What to Know
- Jury selection is scheduled to begin Monday for the civil rights and hate crime trial of a white former New Jersey police chief
- Frank Nucera, the former Bordentown Township police chief, is accused of slamming a handcuffed black man's head into a doorjamb
- Prosecutors say one of Nucera's police officers secretly recorded his comments over the course of a year out of concern about his views
Jury selection is scheduled to begin Monday for the federal trial of a white former New Jersey police chief accused of slamming a handcuffed black man's head into a doorjamb.
Once a jury is empaneled, opening statements are expected Friday in the civil rights and hate crime trial of 62-year-old Frank Nucera, former Bordentown Township police chief.
Prosecutors allege that he approached the 18-year-old prisoner from behind in September 2016 and smashed his head into a doorjamb while the suspect was being escorted by two officers from a hotel.
They allege a fellow officer then recorded him making a series of derogatory comments in which he used a racial slur.
Acting U.S. Attorney William E. Fitzpatrick said the man wasn't endangering the officers and that assault was driven by "racial hatred," on the part of Nucera, who retired in January 2017 amid an FBI investigation.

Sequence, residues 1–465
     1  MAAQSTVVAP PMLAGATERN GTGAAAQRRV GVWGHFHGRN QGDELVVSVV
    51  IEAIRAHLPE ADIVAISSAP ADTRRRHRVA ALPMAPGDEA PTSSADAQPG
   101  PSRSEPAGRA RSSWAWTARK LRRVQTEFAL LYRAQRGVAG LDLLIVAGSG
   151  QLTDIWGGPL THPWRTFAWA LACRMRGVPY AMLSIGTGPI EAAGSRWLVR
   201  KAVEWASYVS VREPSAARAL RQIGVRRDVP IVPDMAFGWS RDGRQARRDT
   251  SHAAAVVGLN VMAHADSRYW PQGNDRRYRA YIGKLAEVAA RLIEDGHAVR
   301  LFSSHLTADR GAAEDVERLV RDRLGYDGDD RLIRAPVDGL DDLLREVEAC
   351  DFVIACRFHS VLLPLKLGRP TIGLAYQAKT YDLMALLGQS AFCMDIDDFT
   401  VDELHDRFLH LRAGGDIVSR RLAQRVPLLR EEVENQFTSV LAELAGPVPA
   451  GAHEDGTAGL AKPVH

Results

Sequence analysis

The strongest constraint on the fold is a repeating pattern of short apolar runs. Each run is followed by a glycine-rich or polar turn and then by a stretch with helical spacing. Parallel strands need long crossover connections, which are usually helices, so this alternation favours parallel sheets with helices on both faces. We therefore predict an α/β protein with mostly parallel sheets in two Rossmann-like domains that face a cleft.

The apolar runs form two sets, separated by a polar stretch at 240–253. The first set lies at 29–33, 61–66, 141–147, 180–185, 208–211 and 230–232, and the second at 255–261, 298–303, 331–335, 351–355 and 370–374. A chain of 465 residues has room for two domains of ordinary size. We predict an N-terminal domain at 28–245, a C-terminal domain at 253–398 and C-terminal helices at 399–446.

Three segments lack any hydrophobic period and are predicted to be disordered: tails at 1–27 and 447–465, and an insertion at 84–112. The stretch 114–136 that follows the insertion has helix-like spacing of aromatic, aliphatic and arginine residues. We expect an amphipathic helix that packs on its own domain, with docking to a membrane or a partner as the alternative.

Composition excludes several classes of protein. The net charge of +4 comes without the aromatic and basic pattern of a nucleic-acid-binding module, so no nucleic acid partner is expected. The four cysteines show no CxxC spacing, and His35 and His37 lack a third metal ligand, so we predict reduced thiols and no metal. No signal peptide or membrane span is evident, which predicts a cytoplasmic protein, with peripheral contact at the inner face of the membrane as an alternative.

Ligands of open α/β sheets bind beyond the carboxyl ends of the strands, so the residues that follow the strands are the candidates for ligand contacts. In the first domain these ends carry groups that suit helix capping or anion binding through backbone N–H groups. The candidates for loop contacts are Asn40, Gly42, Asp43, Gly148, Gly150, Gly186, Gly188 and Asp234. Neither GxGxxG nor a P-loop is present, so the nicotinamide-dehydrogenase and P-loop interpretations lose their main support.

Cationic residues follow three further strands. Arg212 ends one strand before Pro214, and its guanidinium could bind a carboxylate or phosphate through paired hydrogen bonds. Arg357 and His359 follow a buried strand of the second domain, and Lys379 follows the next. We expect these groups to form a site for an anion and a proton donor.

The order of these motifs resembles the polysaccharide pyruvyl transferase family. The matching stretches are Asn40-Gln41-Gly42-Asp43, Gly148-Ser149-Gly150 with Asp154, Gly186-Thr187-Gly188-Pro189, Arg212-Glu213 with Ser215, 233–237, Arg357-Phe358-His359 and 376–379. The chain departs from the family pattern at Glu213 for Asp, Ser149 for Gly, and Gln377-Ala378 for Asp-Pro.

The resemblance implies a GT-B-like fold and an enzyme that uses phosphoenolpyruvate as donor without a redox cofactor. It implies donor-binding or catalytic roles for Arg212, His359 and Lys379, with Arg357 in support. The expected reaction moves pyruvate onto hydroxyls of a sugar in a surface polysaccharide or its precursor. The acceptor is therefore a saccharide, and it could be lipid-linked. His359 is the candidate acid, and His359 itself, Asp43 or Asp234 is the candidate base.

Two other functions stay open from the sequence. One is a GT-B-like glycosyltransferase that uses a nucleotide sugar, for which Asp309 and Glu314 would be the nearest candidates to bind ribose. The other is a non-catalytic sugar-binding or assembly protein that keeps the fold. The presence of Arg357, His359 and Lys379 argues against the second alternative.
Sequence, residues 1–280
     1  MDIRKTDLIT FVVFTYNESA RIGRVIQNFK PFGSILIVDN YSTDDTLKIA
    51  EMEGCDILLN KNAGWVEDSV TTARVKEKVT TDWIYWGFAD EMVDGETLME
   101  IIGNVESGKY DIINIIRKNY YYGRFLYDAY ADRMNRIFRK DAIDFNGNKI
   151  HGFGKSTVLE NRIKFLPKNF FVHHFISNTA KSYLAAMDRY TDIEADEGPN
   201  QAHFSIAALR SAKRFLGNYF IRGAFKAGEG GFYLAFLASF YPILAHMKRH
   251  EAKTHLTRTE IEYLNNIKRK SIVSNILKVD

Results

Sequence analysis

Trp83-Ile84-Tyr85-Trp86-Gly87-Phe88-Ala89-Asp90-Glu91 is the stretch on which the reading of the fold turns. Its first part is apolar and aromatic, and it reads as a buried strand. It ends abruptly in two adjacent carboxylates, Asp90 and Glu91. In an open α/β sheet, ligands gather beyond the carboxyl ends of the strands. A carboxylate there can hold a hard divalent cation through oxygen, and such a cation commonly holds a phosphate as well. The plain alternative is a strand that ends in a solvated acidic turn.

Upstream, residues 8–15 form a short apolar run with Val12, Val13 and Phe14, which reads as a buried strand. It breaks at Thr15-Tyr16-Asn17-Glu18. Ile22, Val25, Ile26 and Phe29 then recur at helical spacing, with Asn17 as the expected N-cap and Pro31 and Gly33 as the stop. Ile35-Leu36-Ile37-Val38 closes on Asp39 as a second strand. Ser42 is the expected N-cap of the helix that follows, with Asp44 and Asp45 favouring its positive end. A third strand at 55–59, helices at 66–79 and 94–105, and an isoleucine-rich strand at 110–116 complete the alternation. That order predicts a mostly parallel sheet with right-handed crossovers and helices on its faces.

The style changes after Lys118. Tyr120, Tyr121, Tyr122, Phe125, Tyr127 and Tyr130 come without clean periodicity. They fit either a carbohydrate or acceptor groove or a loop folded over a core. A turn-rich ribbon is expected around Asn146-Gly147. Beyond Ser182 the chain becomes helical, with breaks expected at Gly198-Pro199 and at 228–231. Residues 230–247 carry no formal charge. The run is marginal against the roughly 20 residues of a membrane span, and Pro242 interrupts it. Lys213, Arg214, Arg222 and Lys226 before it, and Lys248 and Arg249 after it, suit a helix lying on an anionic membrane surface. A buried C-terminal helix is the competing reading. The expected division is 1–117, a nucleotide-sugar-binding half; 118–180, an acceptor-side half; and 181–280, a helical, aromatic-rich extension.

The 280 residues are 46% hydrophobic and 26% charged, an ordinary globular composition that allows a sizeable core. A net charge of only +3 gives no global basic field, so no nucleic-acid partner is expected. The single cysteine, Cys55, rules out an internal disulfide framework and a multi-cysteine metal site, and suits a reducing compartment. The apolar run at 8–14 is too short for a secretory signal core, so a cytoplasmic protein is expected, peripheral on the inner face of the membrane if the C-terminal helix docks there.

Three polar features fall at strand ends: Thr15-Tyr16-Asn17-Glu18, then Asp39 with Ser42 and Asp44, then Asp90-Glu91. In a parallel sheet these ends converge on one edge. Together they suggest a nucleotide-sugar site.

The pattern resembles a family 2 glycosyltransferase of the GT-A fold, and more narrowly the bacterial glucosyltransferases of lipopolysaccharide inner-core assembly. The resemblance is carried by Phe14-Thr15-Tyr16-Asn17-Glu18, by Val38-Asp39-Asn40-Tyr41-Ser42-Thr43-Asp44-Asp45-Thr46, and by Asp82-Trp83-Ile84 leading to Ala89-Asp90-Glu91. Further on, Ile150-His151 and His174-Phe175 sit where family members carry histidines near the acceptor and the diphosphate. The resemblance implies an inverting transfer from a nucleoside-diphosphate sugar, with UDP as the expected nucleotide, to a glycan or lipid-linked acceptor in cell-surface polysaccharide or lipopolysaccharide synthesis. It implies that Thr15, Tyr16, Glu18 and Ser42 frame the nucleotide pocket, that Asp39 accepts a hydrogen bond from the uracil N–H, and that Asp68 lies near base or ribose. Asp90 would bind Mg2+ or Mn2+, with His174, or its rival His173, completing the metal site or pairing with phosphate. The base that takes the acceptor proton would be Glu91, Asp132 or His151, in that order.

He faces charges of hate crime assault, deprivation of civil rights and lying to FBI agents.
Prosecutors say one of Nucera's police officers secretly recorded his comments over the course of a year because, they say, he was "increasingly alarmed by (Nucera's) racist remarks and hostility toward African Americans."
Defense attorney Rocco Cipparone Jr., who tried unsuccessfully to block jurors from hearing what he called "rogue recordings," acknowledged that they contain "inflammatory language" but said there was no admission to roughing up the suspect.
"I'm confident the government will not prove its case," he said earlier this week.
Prosecutors also allege that Nucera, who also served as a township administrator before retiring, used police dogs to intimidate African-Americans, including stationing them at high school basketball games to intimidate black fans.
Bordentown is a predominantly white town of about 11,000 a few miles from New Jersey's majority African American capital city of Trenton.